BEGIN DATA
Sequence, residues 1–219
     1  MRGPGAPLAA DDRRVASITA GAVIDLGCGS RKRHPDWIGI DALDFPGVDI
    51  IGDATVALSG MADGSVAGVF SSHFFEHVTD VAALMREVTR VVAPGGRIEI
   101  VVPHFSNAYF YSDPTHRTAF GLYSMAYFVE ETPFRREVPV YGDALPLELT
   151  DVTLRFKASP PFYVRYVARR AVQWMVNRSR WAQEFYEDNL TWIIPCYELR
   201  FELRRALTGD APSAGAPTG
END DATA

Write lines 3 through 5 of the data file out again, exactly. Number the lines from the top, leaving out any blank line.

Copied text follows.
    51  IGDATVALSG MADGSVAGVF SSHFFEHVTD VAALMREVTR VVAPGGRIEI
   101  VVPHFSNAYF YSDPTHRTAF GLYSMAYFVE ETPFRREVPV YGDALPLELT
   151  DVTLRFKASP PFYVRYVARR AVQWMVNRSR WAQEFYEDNL TWIIPCYELR